Choir proves its vocal abilities

Grade: A

Those who attended Saturday night's concert in the Alumni Center put on by the Ball State Chamber Choir will no doubt agree this group has vocal talent.

Choir members kicked off their second night of this weekend's fund-raiser with "My Soul's been Anchored in the Lord," arranged by Moses Hogan. This piece was interesting because of its many rounds of sharp contrasts from crescendo to decrescendo.

After singing a moving version of the majestic "America the Beautiful," solo acts took the stage singing a diverse range of musical excerpts and sometimes satirical love songs.

One outrageously funny song was "Always a Bridesmaid" performed by Cassie Liveris. She wore a hideous red prop dress, which was clearly too large, to add to song's theme that bridesmaids wear dresses unflattering to their bodies.

Many of the solos were taken from popular musical productions such as Andy Planck's emotional depiction of "Santa Fe" from "Newsies."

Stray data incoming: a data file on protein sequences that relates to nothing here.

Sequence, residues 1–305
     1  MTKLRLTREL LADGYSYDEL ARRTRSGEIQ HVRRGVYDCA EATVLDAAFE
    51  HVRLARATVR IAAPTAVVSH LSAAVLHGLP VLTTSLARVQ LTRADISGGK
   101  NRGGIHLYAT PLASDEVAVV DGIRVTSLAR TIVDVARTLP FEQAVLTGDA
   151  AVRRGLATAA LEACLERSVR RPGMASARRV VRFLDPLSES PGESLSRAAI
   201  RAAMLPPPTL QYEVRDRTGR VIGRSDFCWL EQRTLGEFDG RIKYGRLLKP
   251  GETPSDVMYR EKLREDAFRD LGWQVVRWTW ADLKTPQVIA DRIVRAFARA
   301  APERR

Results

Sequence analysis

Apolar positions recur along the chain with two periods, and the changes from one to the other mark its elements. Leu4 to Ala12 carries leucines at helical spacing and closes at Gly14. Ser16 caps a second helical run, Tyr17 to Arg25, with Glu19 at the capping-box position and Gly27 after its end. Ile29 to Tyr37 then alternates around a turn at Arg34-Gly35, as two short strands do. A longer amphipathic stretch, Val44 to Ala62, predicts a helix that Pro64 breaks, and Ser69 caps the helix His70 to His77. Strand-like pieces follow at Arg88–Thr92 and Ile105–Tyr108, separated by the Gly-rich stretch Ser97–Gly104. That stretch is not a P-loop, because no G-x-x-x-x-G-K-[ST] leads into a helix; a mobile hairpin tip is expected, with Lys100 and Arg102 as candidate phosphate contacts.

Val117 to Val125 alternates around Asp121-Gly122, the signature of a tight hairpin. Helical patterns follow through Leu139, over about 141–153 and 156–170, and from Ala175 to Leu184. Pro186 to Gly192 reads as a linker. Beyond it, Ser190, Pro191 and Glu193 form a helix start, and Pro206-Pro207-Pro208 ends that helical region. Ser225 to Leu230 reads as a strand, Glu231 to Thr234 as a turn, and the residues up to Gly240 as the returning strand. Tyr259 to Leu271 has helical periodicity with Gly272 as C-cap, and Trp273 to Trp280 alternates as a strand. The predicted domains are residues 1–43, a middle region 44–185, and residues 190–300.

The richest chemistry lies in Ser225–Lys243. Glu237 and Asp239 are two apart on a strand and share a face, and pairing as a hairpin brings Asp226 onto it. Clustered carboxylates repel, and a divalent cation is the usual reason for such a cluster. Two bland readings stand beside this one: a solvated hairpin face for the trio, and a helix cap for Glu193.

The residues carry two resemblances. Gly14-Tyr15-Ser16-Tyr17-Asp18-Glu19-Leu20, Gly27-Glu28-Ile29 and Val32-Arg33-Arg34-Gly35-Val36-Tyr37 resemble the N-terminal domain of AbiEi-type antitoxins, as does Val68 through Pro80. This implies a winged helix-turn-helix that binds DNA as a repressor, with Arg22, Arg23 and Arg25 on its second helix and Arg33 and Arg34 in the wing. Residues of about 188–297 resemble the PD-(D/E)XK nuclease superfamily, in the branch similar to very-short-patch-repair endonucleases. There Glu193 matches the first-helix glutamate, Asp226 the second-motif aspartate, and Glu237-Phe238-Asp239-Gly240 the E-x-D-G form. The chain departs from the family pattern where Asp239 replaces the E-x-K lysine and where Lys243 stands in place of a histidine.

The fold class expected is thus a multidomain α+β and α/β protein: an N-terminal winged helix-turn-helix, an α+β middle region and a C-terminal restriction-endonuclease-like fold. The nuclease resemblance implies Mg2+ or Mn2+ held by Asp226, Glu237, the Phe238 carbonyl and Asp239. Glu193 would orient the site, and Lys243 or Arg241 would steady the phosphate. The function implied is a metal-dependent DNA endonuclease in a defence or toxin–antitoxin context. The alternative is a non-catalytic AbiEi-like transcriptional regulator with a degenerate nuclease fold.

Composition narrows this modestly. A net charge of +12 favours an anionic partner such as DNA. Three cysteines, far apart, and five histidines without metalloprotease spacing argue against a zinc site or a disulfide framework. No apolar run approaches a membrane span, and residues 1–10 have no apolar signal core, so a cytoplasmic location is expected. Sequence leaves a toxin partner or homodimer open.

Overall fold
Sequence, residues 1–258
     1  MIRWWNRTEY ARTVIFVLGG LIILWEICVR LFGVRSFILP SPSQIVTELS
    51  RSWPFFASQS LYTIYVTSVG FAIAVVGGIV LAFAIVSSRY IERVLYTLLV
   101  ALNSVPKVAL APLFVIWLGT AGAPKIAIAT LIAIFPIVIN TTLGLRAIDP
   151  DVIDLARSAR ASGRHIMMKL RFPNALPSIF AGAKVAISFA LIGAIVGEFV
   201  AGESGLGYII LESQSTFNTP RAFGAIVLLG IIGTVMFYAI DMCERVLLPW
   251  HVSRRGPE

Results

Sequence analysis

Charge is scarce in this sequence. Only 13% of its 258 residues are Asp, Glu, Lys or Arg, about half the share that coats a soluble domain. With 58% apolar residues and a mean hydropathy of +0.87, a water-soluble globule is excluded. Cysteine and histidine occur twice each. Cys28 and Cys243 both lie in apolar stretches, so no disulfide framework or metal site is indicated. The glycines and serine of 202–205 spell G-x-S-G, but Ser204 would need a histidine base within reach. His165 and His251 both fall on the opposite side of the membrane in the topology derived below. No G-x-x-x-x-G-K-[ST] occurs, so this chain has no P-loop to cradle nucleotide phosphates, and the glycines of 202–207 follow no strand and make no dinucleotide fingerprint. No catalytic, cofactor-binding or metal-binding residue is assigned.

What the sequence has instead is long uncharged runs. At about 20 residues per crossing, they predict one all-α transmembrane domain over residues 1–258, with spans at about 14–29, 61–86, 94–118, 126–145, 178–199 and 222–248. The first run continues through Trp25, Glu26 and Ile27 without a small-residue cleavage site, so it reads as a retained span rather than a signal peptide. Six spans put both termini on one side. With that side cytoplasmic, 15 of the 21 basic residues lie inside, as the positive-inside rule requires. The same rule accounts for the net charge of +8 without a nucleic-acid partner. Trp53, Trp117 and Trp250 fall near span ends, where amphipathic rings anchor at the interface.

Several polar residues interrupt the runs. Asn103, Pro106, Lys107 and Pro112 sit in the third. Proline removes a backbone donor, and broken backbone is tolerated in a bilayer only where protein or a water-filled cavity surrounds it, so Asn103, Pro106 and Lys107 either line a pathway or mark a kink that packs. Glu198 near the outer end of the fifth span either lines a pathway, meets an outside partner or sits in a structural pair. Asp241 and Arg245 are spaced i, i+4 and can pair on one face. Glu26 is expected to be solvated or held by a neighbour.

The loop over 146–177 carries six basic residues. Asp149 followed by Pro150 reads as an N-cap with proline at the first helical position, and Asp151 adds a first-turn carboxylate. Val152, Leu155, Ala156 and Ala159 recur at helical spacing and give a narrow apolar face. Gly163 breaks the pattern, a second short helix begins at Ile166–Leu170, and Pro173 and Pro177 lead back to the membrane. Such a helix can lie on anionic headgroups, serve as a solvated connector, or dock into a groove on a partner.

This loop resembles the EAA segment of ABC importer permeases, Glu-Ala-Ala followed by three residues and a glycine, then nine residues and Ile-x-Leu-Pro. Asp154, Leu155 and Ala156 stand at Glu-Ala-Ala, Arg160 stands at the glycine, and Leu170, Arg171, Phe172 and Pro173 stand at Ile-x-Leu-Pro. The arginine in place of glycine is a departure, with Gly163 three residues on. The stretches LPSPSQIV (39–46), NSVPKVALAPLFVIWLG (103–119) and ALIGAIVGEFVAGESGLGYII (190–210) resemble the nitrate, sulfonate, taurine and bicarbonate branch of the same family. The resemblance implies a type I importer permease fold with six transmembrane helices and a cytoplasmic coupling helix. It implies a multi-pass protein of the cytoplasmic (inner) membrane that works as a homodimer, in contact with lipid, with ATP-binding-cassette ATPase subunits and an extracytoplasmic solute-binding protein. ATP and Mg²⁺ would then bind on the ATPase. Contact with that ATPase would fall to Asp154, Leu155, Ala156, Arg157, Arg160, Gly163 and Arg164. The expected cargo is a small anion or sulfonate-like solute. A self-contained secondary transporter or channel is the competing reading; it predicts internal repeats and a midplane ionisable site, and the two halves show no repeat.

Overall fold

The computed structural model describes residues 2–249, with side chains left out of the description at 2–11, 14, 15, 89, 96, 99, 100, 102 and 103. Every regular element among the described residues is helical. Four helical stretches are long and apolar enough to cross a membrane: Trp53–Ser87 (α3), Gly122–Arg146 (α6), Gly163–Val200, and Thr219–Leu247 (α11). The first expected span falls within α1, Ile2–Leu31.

Besides solo acts, the show included instrumental solos and duets. Kristin Fischmer and Michael Pettry performed one such duet on piano to the tune "Tonight" from the musical "West Side Story." This arrangement had excellent tempo variations and running 16th note scales that brought goose bumps.

Other instrumental performances included a trombone solo by Chris Stahlman to the sounds of Pachelbel's "Canon in D." This was a special delight, mainly because a piece of music of this complexity and woven rhythmic pattern is difficult to play on a trombone.

There were also impressive vocal soloists, such as Kira Christiansen's performance of "Poor Wandering One" from the opera "Pirates of Penzance." This piece is easily recognizable because of its use in movies such as "The Hand that Rocks the Cradle." Christiansen delivered this high soprano solo with perfection.

Other large ensembles performed as well, with very emotional and passionate vocal interpretations of such works as "All I Ask of You" from "Phantom of the Opera" and "The God's Love Nubia" from "Aida."

Announcers Keli Simmons and Brian Paulsen brought laughs to this entertaining show also with their constant banter and jokes onstage; and they had a great time with past Chamber Choir members during the intermission. Simmons and Paulsen played a trivia game asking questions about what Doug Amman's gestures and sayings actually meant. Audience members and even Amman laughed at the accuracy of such questions and the responses the contestants had.

Overall, the show gave the perfect mixture of love and laughter.


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